Writing Circles Unit

Writing Circles Unit

[flickr id=”8669535691″ thumbnail=”medium” overlay=”true” size=”original” group=”” align=”none”]

I haven’t really shared much of my formal unit yet, but I’m very proud of it and hope to share the summative assessment once the students are finished making their books. I am really proud of the writing that I’ve seen and feeling really satisfied with the increase in cooperative group work that has taken place since we’ve begun. Recently the students created mottos for each of their circles and the meanings they gave to them filled me with a lot of happiness. They also created a motto for when the whole group works together. Our circle is called “Rainbow Canyon,” and the motto they created is “In Rainbow Canyon we learn through sharing.” I kid you not. These kids are seriously geniuses. Below is my rationale for the unit along with the essential questions and enduring understandings. I also hope to share some highlights from the lessons in another blog. Enjoy this peek into our circles!

[flickr id=”8669527537″ thumbnail=”medium” overlay=”true” size=”original” group=”” align=”none”]

Writing circles help students develop both an affinity for writing and for their own unique voice. Writing circles also help students continue to develop their social skill set, as much of the work depends on group consensus and sharing what you’ve written with a specific set of students. The reason I selected this unit for this particular group of students is because all of them are English Language Learners and a vast majority of them do not identify as writers. I suspect this is because much of the writing they have been doing up until this point has depended on them analyzing and reflecting upon what they have read. If they do not fully understand what they are reading, then the task of writing about it seems impossible. It also takes away ownership over both the writing and their voice. The specific goals of writing circles are: 1) to write about topics you care about 2) to share your writing with an audience 3) to learn what your audience thinks about your writing 4) to learn from your own writing and 5) to listen to and discuss other kids’ writing. My rationale for teaching a unit using writing circles is to inspire these students to explore topics they care about so that they grow to love writing and to appreciate both their voice and the voices around them.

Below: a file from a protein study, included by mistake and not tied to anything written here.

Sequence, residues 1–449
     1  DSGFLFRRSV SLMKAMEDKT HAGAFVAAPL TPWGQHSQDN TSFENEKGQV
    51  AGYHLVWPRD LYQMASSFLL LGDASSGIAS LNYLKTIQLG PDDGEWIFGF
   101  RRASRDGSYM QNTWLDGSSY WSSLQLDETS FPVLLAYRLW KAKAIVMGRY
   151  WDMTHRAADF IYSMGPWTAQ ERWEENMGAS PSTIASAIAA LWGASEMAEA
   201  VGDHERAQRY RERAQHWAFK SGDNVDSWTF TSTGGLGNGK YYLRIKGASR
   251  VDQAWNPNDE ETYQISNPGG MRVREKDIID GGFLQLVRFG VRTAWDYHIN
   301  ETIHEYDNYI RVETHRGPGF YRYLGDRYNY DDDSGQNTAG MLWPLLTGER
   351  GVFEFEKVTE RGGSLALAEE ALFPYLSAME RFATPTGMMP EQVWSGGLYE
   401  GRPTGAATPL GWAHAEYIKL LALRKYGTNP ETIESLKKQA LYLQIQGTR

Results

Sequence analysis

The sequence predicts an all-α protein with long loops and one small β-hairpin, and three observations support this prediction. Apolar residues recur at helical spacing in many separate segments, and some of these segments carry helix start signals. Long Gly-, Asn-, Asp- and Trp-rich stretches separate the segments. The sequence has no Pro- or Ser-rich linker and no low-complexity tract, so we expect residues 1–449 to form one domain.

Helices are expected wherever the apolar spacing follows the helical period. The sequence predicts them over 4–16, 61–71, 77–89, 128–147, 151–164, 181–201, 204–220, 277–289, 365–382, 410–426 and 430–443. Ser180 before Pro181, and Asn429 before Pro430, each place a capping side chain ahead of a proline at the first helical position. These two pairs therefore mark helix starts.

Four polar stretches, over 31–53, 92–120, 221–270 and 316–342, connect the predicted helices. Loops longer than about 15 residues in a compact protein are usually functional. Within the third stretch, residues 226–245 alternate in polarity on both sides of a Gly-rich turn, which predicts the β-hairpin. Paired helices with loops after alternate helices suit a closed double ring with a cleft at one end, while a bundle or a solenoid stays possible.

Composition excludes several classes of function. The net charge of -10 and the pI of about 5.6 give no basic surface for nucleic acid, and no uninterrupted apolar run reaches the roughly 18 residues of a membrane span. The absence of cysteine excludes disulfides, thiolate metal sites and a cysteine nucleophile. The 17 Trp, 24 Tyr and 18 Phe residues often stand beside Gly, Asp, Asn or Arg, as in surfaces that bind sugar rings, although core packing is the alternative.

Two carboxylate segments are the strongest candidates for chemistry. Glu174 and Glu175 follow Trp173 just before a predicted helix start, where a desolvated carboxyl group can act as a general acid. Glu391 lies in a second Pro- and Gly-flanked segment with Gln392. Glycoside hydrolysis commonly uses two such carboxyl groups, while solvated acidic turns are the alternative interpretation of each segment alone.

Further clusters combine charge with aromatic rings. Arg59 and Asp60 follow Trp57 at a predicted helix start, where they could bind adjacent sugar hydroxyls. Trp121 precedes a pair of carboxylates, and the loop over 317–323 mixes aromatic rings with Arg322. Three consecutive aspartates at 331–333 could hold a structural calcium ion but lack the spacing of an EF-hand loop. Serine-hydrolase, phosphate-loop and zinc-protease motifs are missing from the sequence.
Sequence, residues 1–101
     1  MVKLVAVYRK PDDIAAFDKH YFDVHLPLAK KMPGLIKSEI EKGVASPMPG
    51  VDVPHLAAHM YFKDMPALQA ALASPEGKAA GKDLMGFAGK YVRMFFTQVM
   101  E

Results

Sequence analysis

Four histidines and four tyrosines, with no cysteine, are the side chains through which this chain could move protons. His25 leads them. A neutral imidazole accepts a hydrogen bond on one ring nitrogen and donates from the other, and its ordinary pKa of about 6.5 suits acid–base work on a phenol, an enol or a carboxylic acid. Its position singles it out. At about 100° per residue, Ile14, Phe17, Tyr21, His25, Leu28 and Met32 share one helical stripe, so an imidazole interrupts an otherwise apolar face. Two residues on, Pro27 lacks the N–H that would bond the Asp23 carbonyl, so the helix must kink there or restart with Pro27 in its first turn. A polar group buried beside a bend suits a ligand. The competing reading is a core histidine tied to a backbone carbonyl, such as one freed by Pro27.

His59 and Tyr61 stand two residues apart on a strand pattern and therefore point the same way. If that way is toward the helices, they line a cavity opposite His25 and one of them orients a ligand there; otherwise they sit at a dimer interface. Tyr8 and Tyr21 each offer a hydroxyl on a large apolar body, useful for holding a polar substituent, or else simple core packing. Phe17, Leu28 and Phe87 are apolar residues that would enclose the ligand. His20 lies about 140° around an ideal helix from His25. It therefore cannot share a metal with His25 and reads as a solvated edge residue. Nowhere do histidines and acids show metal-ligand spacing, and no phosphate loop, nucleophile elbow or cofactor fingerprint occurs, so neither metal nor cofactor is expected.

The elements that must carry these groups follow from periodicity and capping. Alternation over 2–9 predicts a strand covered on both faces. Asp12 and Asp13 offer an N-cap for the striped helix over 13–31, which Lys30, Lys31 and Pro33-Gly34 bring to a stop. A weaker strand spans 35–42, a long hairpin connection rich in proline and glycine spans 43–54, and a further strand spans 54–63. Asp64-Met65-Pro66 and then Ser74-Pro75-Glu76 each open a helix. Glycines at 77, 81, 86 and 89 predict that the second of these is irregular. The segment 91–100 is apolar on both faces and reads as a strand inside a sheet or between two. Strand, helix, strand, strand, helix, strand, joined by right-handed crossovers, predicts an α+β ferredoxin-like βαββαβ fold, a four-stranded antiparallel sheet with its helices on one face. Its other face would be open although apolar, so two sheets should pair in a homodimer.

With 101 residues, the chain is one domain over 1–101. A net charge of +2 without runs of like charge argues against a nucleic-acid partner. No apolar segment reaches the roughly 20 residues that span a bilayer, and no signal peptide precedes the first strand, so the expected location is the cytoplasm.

[flickr id=”8669528579″ thumbnail=”medium” overlay=”true” size=”original” group=”” align=”none”]
I can share my voice through writing.
My opinion is valuable to others and worth sharing.
Voice is the person behind the words or the personality of the writing.
The purpose of self and peer reflection is to make our work stronger.
What is the value of sharing?
How does writing speak to us?
How do you share your voice?
What is the value of reflection?

[flickr id=”8670633318″ thumbnail=”medium” overlay=”true” size=”original” group=”” align=”none”]